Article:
Author

Katherine Travers

Date

2011-07-19 17:30

Major news organisations have begun to embrace social media as part of their operations, acknowledging its potential as both a newsgathering tool and news outlet. But more and more news organisations are also setting boundaries for the use of social media, hoping in this way to prevent any missteps that could undermine their staffers' - or worse, the organisation's - reputation.

As a revered media giant, the BBC's social media efforts are under particular scrutiny. The British broadcaster released yesterday its updated social media guidelines.

In sum, the guidelines are in line with BBC's earlier social media policies and, according to the guidelines, can be summarised as 'don't do anything stupid'. "Most of the points do seem like common sense, but by formalizing these, BBC is minimizing the chances of a major social media faux-pas taking place", said TNW UK.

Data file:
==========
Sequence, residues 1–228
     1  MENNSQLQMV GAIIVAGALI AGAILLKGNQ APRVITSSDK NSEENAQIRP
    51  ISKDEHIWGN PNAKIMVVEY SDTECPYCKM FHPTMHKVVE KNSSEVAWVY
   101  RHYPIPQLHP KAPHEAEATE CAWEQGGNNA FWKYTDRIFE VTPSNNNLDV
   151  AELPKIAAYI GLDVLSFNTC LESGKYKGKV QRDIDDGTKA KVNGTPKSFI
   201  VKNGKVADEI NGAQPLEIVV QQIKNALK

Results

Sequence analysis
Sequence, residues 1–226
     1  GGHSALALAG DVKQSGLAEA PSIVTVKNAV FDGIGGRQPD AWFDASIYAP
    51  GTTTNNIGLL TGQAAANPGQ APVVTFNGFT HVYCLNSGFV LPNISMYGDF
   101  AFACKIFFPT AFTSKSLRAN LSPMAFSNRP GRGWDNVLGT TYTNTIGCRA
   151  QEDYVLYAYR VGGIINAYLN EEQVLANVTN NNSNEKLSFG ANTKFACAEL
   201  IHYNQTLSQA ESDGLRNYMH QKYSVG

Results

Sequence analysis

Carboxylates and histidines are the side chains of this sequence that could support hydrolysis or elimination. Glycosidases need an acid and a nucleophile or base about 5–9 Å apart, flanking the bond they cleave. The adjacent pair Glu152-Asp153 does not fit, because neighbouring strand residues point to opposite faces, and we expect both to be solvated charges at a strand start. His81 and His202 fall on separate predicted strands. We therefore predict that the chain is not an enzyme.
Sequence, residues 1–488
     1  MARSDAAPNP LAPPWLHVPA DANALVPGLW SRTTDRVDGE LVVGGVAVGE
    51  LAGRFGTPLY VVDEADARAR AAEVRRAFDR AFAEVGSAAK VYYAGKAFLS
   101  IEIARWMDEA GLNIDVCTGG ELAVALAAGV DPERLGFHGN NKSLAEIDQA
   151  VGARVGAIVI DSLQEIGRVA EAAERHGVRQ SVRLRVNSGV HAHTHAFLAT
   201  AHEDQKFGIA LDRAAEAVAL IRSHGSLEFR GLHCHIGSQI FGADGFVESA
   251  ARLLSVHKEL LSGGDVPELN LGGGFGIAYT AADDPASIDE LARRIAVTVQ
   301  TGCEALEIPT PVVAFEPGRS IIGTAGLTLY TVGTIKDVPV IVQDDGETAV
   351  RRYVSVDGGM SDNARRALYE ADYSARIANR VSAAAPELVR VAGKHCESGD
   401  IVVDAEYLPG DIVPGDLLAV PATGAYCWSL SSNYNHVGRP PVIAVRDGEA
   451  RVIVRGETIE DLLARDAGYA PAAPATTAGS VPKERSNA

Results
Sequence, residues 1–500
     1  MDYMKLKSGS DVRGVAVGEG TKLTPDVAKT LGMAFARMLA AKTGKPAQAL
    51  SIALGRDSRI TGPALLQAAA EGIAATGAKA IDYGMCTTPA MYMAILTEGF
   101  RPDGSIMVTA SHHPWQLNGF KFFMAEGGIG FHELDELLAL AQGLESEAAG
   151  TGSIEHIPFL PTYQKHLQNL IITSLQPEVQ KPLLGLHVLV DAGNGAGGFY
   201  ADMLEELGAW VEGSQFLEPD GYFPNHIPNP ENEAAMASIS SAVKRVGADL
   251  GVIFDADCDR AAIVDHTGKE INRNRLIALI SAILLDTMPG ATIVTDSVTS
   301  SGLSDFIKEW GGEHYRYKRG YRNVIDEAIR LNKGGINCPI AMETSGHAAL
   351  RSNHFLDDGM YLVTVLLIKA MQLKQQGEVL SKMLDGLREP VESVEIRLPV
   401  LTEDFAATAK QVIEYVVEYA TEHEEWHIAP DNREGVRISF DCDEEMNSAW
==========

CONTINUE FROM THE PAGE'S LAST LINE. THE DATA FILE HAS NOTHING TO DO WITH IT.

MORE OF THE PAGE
According to the BBC's The Editors blog, the guidelines consist more of "suggestions, reminders, best practice and housekeeping" than restrictive rules. The blog notes the crucial role social media "plays in breaking down barriers to engagement, opening up newsgathering networks, and as an outlet for journalism".

Author

Teemu Henriksson's picture

Teemu Henriksson

Date

2011-07-15 17:41